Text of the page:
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Ellen DeGeneres to End Daytime Talk Show After 19 Seasons

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  • Ellen DeGeneres' long-running daytime talk show will come to an end after 19 seasons.
  • In an interview with The Hollywood Reporter, DeGeneres said she had planned to end the show after season 16, but agreed to extend her contract by three years.
  • DeGeneres said the allegations of workplace harassment did not factor into her reasoning for ending the show.

Ellen DeGeneres' long-running syndicated daytime talk show will come to an end this year after 19 seasons.

The talk show host told The Hollywood Reporter that she informed her staff of the decision on Tuesday and will sit down with Oprah Winfrey on Thursday to discuss the news.

"When you're a creative person, you constantly need to be challenged — and as great as this show is, and as fun as it is, it's just not a challenge anymore," DeGeneres told the trade publication.

The announcement also comes after reports of a toxic work culture, discrimination and sexual harassment in the last year at the show. At that time, she acknowledged that the atmosphere had developed into something that did not reflect the values with which she started the show, and pledged to do better.

"It almost impacted the show," Ellen told THR. "It was very hurtful to me. I mean, very. But if I was quitting the show because of that, I wouldn't have come back this season."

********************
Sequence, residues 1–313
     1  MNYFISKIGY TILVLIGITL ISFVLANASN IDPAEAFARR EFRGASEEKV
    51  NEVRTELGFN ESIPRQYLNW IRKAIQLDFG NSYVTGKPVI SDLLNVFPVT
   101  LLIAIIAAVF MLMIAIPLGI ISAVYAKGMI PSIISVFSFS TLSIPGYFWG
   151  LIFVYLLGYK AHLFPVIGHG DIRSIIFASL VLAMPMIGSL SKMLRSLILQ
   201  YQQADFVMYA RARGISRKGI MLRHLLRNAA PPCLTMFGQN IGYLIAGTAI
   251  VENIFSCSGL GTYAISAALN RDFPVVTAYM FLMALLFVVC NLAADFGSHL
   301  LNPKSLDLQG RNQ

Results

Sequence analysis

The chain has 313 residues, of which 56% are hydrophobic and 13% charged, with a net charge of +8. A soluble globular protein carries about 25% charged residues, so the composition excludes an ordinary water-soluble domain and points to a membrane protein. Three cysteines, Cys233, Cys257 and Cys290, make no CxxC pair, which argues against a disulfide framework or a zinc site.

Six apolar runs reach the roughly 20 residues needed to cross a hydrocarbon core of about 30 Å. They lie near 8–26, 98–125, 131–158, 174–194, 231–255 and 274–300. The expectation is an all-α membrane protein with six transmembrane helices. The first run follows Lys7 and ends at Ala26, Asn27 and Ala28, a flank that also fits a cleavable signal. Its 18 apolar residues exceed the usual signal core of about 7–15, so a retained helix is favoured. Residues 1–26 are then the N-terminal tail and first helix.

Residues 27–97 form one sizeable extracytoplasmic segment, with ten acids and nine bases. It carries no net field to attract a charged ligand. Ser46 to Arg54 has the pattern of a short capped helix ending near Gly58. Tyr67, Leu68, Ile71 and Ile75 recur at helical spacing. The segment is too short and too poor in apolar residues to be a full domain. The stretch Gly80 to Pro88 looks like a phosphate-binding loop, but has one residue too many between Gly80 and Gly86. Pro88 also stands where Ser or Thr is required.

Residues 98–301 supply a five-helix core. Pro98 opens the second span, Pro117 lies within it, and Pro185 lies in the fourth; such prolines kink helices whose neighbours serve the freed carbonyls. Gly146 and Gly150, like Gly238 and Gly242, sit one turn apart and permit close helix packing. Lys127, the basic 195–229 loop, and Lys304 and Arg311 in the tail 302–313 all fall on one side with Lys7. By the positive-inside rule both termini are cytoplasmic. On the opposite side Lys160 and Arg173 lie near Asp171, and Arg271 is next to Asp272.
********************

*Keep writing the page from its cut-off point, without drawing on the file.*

The backlash did take a toll on the show's ratings, however. While the season 18 opener had the highest rating of an "Ellen" premiere in four years, the show has lost more than a million viewers since September. According to data from Nielsen, the program averaged around 1.5 million viewers between in the six month period between September and March, down from 2.6 million during the same period last year.

DeGeneres, 63, has been a pioneer for the LGBTQ community ever since her "Yep, I'm Gay" cover story on Time magazine nearly torpedoed her career in 1997. Since starting "The Ellen DeGeneres Show," the comedian has racked up more than 64 Daytime Emmys and helped normalize queer representation on television.

In the Hollywood Reporter interview, DeGeneres said she had planned to end the show after season 16, but agreed to extend her contract by three years.

"That's been the plan all along," she said.

It appears that DeGeneres will remain as the host of "Ellen's Game of Games," a series based on the game segments from her daytime talk show, which airs on NBC.

Read the full report from The Hollywood Reporter.

Disclosure: NBCUniversal, CNBC's parent company, syndicates episodes of "The Ellen DeGeneres Show."

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